SBVC President Accused Of Falsifying Academic Credentials Resigns; To Get $186,768 For Not Working Last Year On Contract

San Bernardino Valley College President Gloria Fisher, whose selection to head that college in 2013 descended into controversy when it was learned that she did not have the requisite academic credentials, has opted out of her position a year early. While her resignation will draw an early curtain on the discredit of having the college headed by an individual whose educational bona fides were subject to question, the college will still pay her all of the money due her under the contract she was given prior to her academic shortcomings becoming public.
Fisher announced her retirement in November and will step down from her position on June 30. She’ll be replaced by Diana Rodriguez, the vice president of Student Services at Las Positas College in Livermore near San Francisco.
Nevertheless, Fisher will continue to draw her salary as specified in her contract. San Bernardino Community College District Chancellor Bruce Baron said that the college would honor Fisher’s employment contract, which runs through June 30, 2017. He disclosed that Fisher had signed a waiver of claims against the college in return for the payment of her final year’s salary, $186,768, which is being paid to her as a condition of her “voluntary resignation a full year before her contract expired.”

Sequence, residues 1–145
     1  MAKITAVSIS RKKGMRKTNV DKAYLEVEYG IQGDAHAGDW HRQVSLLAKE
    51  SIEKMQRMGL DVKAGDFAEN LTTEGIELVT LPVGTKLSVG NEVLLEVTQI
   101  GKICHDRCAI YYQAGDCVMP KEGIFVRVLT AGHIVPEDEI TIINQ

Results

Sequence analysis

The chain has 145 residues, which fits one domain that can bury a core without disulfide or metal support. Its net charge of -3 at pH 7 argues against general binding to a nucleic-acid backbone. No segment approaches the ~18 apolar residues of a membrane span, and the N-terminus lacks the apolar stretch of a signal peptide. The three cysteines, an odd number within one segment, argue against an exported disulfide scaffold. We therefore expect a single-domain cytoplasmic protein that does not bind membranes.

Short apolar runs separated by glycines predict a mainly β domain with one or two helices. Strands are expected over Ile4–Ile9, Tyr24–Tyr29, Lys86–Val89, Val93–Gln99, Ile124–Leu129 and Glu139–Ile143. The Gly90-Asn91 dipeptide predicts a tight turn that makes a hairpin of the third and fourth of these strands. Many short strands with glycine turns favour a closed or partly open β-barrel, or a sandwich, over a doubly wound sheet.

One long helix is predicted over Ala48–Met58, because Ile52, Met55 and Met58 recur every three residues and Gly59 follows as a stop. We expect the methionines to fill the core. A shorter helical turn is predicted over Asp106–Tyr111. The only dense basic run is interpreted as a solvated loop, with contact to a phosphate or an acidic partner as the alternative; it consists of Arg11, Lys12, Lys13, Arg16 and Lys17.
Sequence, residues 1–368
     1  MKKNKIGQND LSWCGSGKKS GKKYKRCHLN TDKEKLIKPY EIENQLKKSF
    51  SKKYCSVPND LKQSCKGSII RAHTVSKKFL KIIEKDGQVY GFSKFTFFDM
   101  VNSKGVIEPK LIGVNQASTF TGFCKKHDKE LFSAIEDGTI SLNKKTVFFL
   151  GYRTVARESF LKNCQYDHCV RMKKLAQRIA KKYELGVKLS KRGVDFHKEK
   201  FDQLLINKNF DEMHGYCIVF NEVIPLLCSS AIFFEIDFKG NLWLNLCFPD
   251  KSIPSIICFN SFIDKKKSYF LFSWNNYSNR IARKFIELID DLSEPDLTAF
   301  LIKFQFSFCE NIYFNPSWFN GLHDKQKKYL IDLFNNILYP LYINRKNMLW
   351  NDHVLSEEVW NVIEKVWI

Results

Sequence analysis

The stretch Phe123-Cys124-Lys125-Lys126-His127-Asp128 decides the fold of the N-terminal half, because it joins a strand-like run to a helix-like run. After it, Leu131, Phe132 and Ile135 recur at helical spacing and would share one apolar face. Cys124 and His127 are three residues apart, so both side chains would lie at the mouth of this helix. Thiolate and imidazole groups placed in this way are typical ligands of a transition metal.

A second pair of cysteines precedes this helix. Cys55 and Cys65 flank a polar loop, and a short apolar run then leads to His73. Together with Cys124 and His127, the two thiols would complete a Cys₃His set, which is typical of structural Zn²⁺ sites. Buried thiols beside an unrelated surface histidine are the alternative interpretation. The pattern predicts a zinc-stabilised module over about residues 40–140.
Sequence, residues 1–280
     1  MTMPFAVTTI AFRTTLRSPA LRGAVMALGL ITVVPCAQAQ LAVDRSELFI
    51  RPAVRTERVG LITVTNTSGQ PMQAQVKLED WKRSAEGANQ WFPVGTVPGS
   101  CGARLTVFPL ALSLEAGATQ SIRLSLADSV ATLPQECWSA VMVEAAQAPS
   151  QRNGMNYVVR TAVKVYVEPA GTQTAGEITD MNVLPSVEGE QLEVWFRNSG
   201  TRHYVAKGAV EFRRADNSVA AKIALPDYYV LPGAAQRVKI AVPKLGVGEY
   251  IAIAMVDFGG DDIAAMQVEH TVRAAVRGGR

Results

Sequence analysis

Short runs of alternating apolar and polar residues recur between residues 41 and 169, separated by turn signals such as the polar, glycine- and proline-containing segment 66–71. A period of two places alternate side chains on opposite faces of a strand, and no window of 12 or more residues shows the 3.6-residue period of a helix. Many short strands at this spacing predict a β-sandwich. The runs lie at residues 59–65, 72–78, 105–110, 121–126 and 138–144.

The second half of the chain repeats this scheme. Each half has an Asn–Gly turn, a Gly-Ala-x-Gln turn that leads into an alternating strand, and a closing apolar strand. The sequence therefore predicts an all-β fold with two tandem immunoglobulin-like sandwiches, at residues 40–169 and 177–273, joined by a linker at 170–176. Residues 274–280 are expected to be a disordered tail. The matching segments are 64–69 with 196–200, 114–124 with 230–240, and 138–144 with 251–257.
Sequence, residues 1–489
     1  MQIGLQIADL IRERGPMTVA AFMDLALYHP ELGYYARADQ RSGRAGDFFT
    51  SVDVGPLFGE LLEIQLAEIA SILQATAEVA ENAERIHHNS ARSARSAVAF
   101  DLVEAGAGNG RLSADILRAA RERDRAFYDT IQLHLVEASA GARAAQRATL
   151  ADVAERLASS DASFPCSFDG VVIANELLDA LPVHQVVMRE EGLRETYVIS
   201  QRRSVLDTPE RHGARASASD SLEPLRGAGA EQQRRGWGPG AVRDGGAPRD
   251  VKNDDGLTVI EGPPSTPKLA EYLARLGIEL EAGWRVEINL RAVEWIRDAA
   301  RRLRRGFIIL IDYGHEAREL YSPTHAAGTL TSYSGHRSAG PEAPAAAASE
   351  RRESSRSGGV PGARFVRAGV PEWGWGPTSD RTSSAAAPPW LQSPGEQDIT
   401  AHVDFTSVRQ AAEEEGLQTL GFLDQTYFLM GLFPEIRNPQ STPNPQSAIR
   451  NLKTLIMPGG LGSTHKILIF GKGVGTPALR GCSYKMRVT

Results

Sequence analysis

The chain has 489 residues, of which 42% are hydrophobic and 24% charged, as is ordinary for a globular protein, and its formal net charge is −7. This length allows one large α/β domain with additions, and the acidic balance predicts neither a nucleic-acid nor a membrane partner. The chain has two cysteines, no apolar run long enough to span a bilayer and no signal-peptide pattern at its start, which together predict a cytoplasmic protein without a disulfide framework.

Fisher has affixed “Dr.” before her name. In 2013, after having taught administration of justice at San Bernardino Community College for 22 years, she was elevated to the position of interim college president. A year later, when Fisher was appointed full college president in November 2014, charges that her claim to a doctorate was suspect, which had previously surfaced, were resurrected.
Fisher obtained her juris doctor degree in 1986 from the San Joaquin College of Law, an unaccredited institution. Her claim to being a doctor was problematic for two reasons, one of which was San Joaquin’s lack of accreditation. The other is that law degrees are referred to as juris doctors, but are not doctorates in the conventional academic sense.
A juris doctor degree is roughly the equivalent of a master’s degree, which is generally considered a six year degree awarded after two years of study that follow the awarding of a four-year bachelor’s degree. A juris doctor degree carries with it no requirement for the submission of a dissertation, as is required with a Ph.D.
Upon Fisher’s appointment as a full college president in November 2014, the college district board conferred upon her a doctorate stipend in addition to her annual salary of $186,000.

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